I had three topic choices this week and they all centred round women, family or both. I eventually chose this particular one- Domestic Abuse; because of the recent events with the ‘Celebrity Chef and her Husband’ and sadly, the usual trend that follows the initial frenzy that the topic usually generates i.e. FIZZLES out!
“Regardless of whom you are, what you are, and what you have or have not done; everyone deserves to live a life of peace free from fear and intimidation, especially in a relationship. No one should live in fear of the person they love”
Domestic Abuse sometimes referred to as spousal abuse or intimate partner violence, occurs when one person in an intimate relationship or marriage tries to dominate and control the other person; it could be emotional or include threats of physical violence.
Domestic Violence, family violence, or battering is defined as a pattern of abusive behaviours by one partner against another in a relationship such as marriage, dating or cohabitation.
A family Agency in the UK, CAFCASS refers to domestic violence in their policy as a range of violent and abusive behaviours; defining it as pattern of behaviour characterised by ‘misuse of power and control by one person over another within an intimate relationship.
This is a problem that is now almost an epidemic, but rarely addressed or talked about especially amongst Africans. “It is still the belief in some culture that it is alright to hit a woman, when necessary”
Each time there is a high profile case; Activists, Politicians, Media and the general public all get sucked in and opinions usually fly left, right and centre.
By the end of the week though, the story and the issue of domestic abuse and violence dies down until the next time.
Meanwhile two women a week are killed by a current or ex-partner and funding to provide education and support for victims and survivors are being cut.
Anyone can be affected by domestic abuse; irrespective of age, gender, culture or socio-economic status. Women are mostly affected but men are victims too.
Sadly, domestic abuse is not always physical. It can be emotional, psychological or verbal.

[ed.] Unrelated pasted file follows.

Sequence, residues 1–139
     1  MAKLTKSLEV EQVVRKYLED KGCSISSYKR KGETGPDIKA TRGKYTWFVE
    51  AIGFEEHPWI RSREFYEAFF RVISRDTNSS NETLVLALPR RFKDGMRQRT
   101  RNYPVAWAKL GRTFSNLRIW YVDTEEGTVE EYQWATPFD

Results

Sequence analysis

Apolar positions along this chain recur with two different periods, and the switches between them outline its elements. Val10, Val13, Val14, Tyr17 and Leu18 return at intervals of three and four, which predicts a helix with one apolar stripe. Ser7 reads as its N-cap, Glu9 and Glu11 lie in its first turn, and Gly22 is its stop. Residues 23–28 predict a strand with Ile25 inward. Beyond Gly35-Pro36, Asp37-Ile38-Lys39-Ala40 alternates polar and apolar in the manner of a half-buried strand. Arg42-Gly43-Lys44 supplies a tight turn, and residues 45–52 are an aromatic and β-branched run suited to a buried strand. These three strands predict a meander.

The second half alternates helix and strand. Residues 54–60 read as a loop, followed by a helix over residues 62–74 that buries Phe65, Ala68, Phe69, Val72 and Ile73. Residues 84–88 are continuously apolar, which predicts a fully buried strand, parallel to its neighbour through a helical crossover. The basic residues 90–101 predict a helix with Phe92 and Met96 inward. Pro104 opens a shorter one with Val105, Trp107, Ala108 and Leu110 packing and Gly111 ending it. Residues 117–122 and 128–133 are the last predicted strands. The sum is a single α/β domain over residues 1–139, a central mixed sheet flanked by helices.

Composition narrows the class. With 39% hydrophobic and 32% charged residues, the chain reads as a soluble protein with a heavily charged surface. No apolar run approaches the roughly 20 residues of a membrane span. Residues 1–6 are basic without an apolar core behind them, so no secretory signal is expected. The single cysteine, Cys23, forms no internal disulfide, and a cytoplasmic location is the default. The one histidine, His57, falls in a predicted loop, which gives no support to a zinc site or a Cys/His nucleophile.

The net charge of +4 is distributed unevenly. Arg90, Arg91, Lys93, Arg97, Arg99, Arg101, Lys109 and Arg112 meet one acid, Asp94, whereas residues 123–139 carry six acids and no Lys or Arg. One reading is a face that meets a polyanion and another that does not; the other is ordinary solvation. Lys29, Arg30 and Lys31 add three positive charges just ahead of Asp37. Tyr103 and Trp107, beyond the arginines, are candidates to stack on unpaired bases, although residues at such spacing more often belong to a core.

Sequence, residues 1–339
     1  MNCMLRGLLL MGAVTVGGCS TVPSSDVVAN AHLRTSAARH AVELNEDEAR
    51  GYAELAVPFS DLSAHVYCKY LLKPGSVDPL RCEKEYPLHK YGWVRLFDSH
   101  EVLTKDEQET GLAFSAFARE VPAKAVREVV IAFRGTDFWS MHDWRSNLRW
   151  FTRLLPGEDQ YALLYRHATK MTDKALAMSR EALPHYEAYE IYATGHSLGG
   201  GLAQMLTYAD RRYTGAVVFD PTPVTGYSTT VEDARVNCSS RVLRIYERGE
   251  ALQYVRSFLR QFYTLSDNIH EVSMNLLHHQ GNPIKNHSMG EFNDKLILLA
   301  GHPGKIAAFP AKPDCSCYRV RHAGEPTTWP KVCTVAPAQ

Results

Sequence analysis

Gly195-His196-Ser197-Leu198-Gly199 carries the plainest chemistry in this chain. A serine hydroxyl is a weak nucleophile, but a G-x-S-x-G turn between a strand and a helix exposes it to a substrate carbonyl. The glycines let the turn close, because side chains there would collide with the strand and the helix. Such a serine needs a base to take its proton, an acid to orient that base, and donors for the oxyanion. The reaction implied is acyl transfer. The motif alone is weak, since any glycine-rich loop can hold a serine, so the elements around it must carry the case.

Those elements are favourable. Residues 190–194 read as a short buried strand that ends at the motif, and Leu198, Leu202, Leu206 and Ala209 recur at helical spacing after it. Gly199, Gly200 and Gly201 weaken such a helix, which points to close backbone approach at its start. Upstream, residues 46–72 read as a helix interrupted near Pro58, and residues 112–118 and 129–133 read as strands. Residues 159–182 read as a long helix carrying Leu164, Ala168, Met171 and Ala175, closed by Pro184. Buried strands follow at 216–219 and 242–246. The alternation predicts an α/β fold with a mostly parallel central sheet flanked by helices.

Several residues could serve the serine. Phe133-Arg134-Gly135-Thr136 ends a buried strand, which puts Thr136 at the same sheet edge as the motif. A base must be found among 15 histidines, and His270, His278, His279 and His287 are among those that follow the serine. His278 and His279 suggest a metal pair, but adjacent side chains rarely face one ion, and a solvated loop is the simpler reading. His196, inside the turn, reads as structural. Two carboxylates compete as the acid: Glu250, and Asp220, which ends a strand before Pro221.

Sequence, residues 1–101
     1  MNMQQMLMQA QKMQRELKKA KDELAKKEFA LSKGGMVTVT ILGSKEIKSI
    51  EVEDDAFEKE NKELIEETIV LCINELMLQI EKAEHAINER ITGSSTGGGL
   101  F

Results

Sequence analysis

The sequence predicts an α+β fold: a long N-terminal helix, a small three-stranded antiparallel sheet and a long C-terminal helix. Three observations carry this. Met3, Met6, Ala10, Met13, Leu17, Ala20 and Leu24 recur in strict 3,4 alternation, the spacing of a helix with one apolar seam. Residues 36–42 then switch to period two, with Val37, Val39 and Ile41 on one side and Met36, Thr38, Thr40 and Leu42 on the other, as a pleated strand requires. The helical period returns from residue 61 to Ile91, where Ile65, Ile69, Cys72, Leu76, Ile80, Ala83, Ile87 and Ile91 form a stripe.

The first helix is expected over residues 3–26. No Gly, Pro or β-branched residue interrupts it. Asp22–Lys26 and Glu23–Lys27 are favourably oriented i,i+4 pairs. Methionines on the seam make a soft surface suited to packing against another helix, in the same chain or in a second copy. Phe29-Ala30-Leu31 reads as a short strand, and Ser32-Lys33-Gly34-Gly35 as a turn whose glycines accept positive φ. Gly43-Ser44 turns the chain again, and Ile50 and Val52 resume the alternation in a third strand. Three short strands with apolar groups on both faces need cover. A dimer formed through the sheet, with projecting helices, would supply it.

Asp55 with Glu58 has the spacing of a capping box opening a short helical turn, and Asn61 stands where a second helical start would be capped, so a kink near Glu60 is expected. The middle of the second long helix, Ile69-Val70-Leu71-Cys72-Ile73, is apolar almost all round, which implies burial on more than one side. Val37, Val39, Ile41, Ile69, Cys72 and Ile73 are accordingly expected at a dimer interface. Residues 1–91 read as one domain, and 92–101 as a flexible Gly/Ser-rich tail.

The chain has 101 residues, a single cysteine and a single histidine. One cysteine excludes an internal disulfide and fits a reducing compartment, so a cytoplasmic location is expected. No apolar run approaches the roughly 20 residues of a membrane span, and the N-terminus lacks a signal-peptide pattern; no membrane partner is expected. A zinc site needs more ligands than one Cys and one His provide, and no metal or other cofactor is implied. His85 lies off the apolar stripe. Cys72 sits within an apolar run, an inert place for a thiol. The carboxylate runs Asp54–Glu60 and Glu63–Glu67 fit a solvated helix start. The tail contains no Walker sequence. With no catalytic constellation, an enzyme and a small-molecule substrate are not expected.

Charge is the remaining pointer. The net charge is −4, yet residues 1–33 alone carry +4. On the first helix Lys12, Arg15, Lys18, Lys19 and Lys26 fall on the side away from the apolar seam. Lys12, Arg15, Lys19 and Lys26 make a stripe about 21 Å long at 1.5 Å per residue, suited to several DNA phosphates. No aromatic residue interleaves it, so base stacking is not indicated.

Half the time, the women would not press charges, because it is a complex situation to be in(I know the Law has changed on this and the State can prosecute on behalf of the victim in certain situations).
In the midst of all this, are innocent victims who are often caught in the middle~ The Children.
One of the topmost reasons women stay in abusive relationships is ‘for the sake of the Children’ I always say the reason to leave is for the sake of the children. I should know; as a survivor, it took me 10 years to figure out I can’t save a Perpetrator and more importantly bringing up children in such an environment will do them more harm, as it will have lasting damage on them psychologically and emotionally long term.
There is the erroneous belief that a dysfunctional two- parent family is better for children than a single parent household coupled with the stereotypical statistics of the black family.
Ninety per cent of children hear or witness abuse, even when not in the same room. In America alone, over 3.3 to 10 million children are at risk of witnessing domestic violence each year. About 1million children are affected in England and I am still looking to work with Agencies or interested individuals in Africa so we can have true and valid statistics both for victims and children.
The truth though is; not every victim will leave their abuser, which why education and awareness on a consistent and continuous basis is vital, rather than being spurred on by high profile cases as is currently the issue. Structured support for the whole family is also key to Survival and help is available for perpetrators when they come to terms with their actions and ready to embrace the help.
More information, help and support for domestic abuse can be accessed at www.glowingfuture.org.uk.
Women’s aid and the NSPCC are some of the national agencies that support women and children in abusive relationships.